Review Date: December 23, 2001
Director: Danis Tanovic
Writer: Danis Tanovic
Producers: Marc Baschet, Frederique Dumas, Cedomir Kolar
Branko Djuric as Chiki
Rene Bitorajac as Nino
Filip Sovagovic as Cera
The film also doesn't hold back on its views on the politics of the war either. Granted, I would liked to have had an explanation about how the war got started and what really got everyone to the point of arms, but it wasn't necessarily needed for the purposes of the film. In fact, one of its points was that neither man in this movie could admit to who really started the war, which is actually accentuated by a pretty funny scene in which the two try to convince each other that their side is the better side, etc... Aaaaaah, war sucks! But the film doesn't stop the blame-game with the respective combatants either. It showcases the higher-ups at the UN peacekeeping stations as goofballs who care more about the media, playing chess with their sexy secretary, their public image and friggin' bureaucracy, than saving lives. It also portrays the media in the typical blood-sucking manner, as in most other films. To be fair, it also shows how the media can manipulate the inside information that it's got, to get things done...but the bottom line with most news organizations these days is still the "ratings", and that always makes for more complications and less "true" coverage.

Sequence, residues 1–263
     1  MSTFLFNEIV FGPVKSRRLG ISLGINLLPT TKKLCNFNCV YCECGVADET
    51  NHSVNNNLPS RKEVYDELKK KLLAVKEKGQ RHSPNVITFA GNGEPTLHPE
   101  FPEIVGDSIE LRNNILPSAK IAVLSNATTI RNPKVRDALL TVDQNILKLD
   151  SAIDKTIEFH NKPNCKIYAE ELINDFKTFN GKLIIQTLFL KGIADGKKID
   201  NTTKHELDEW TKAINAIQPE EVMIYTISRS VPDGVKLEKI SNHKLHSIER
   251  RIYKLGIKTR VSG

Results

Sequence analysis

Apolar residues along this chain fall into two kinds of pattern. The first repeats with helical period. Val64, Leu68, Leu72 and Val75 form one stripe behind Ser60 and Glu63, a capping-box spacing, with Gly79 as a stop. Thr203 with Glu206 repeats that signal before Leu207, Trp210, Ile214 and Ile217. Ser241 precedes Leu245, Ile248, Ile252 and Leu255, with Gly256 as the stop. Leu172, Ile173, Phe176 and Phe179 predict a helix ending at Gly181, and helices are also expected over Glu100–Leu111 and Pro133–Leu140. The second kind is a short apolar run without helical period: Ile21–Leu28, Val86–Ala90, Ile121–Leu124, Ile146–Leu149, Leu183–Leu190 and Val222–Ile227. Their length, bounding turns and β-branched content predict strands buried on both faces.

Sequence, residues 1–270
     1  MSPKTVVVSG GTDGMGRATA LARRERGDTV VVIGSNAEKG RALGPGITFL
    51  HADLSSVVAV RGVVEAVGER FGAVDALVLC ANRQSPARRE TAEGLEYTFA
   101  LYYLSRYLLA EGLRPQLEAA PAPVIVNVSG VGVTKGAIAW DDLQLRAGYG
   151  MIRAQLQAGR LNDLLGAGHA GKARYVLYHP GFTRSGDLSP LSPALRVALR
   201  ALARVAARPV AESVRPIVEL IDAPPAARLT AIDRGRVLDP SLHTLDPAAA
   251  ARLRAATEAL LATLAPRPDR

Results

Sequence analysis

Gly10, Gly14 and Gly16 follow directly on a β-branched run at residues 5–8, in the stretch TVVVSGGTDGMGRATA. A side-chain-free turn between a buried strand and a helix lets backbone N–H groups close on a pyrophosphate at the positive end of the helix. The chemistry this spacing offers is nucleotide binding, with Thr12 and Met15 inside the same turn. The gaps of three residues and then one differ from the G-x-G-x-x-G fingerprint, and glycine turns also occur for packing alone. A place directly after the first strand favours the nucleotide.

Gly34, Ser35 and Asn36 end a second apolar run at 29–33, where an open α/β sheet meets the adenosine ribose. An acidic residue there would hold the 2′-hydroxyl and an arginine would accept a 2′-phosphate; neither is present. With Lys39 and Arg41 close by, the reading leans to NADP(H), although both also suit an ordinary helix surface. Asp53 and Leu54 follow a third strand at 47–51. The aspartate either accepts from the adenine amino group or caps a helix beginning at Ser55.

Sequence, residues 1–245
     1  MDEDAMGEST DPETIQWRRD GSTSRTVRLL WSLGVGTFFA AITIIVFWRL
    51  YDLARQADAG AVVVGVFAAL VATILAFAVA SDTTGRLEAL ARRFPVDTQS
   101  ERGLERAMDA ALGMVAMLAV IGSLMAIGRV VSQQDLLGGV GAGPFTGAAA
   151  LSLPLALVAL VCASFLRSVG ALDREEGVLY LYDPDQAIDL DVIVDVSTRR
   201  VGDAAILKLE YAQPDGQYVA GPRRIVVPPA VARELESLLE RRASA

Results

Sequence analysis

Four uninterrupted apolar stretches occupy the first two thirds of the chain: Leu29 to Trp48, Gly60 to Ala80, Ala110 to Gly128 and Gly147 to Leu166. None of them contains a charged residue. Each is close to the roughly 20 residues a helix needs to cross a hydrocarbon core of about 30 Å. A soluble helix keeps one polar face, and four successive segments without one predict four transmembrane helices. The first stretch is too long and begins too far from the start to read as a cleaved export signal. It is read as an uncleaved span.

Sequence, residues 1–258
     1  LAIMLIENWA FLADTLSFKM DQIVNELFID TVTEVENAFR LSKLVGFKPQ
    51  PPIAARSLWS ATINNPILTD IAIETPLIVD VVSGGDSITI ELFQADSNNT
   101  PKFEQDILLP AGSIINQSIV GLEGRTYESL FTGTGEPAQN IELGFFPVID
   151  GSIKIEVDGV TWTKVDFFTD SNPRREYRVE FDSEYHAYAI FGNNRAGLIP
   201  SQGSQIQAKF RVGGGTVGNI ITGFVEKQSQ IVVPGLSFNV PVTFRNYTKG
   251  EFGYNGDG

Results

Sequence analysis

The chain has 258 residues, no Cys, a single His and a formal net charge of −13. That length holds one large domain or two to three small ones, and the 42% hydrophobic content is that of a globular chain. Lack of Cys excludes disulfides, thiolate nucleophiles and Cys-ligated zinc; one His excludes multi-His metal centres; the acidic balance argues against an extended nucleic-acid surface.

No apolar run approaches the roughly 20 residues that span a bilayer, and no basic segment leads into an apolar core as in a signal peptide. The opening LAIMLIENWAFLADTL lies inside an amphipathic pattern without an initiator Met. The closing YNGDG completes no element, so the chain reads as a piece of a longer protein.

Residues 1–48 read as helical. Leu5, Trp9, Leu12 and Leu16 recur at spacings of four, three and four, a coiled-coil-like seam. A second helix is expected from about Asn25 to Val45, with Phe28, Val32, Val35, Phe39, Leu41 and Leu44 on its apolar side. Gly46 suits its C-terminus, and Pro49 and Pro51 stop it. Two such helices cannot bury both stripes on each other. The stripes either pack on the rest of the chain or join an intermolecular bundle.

Overall, I have to admit that this film entertained me for its well-timed hour and a half, presented various interesting points of view, a handful of funny moments and even some really dramatic ones (yes, there is a little bit of graphic violence in here as well-it's a war movie, after all). It's also easy on the eyes, with its wonderful cinematography and sunny disposition, balancing off the grim nature of the battle-lines. Don't expect SAVING PRIVATE RYAN, but it's no all-out laughfest either. In fact, the film's grim ending is a good indication of what it was certainly trying to accomplish which was to say that there are no easy answers to any armed conflict and when you're dealing with various other external elements, God knows that the solution only gets that much more complex. A sobering conclusion to a solid film which doesn't require previous knowledge about the war or its people, to be appreciated.